Can Michigan State Recover and Chart a New Path for Higher Education?

Eight deans outline three imperatives for creating needed cultural change.

July 11, 2018
 
 

Even as Michigan State University struggles to respond to the worst crisis in our institutional history, there are signs that the powerful voices of more than 300 sexual abuse survivors, victims of former MSU physician Larry Nassar, are shifting the culture of higher education. Amplified by the global impact of the Me Too movement, their courage and testimony compel us in higher education to confront the power dynamics that can make academe a haven for predatory behavior and abuse.

At MSU, we are beginning to make overdue changes in how we respond to allegations of sexual misconduct and the systems by which we provide health care. Over the last few months, we have expanded our commitment to safety beyond the health-care realm by developing an academic organizational structure that ensures transparency and responsiveness, and by engaging and empowering the voices of patients, families, staff members, providers and students. Yet so much remains to be done.

Our university will need to respond to the findings from state, federal and National Collegiate Athletic Association investigations with transparency and a clear commitment to making comprehensive changes to transform our culture. As the institution works its way through legal, legislative, personnel and other processes, we believe that three imperatives of culture change will become a catalyst for transformation across higher education.

First, even as we at MSU implement policy, procedural and structural changes to better detect a predator, we must avoid the temptation to put the Nassar crisis behind us. Rather, we need to keep what happened and the lessons we are learning from it in front of us. The injury inflicted on the vulnerable is a symptom of a deeper cultural problem within society related to power, voice and silence.

Keeping the crisis in front of us requires us to acknowledge that the very institutions created to transform individuals and communities through education can easily be derailed by self-interest, insecurity and competition. Academe is called to cultivate institutional habits of truth telling and truth hearing, critical self-reflection, and accountability. We must consciously and intentionally empower those habits on our campuses to meet that calling.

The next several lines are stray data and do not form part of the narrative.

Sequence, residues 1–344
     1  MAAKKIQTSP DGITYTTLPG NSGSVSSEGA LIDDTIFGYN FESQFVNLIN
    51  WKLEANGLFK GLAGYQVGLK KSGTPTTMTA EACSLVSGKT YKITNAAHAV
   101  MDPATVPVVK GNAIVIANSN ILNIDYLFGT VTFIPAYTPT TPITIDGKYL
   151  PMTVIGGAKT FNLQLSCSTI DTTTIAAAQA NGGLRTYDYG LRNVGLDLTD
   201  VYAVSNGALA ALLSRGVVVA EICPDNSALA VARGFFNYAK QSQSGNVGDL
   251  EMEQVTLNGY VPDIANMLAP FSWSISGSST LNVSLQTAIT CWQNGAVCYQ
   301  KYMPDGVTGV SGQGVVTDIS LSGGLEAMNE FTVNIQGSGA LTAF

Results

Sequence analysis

Second, if we are honest with ourselves in the trauma of the moment, many other unjust and inequitable campus structures and processes must be interrogated and redressed. This involves reconsidering our systems of evaluation and reward -- including institutional rankings, tenure and promotion processes, and metrics of scholarship. They all must be realigned with the core values of the academic mission.

Access, equity and discovery are often identified as core values in higher education. Yet the metrics by which academic institutions are often judged -- including raising funds and elevating rankings -- too easily foster a tolerance for behavior that falls short of what we know to be just. It is time to revisit our lodestone. Institutions of higher education should be judged by their capacity to educate conscientious human beings capable of putting their values into practice in meaningful ways. That requires the creation of learning communities that advance true inclusiveness and are equitable, trusting, transparent and safe. Such communities are inherently difficult to nurture, but they nonetheless must be created.

It is time to acknowledge that we have fallen short of our values, reaffirm them in light of our current situation and align our reward system accordingly. Only then can we fulfill the transformative role that higher education was established to create for the communities we serve. Change must begin with us.

Finally, in an academic culture that draws individuals committed to be catalysts of societal change, there is perhaps all too often a paradoxical acceptance of them as primarily free agents within the university -- neither crucial to the success of the broader institutional mission nor empowered to impact its fate. The culture we need requires each of us who has some power to effect change to put our effort, influence and weight on the side of creating more trust and equity. Such a transformation of the academy is only possible if we commit ourselves to holding one another accountable in our daily interactions to the values that shape our shared educational mission. Leadership in this sense must permeate the entire institution -- from the staff to the governing board, from students to the faculty, and across all levels of administration.

These three imperatives -- to keep the lessons of our current crisis in front of us, to interrogate and redress all unjust structures, and to create a culture of shared, empathetic leadership -- point to a paradigm shift in higher education. Only by creating communities in which everyone has the opportunity to be heard, to feel valued and ultimately to succeed, will we create a new culture of inclusion and empowerment.

Bio

Norman J. Beauchamp Jr., dean, College of Human Medicine

Rachel Croson, dean, College of Social Science

Prabu David, dean, College of Communication Arts and Sciences

Ronald Hendrick, dean, College of Agriculture and Natural Resources

Thomas D. Jeitschko, dean, The Graduate School

Mark Largent, associate dean for undergraduate education

Christopher P. Long, dean, College of Arts & Letters

Cheryl Sisk, interim dean, College of Natural Science

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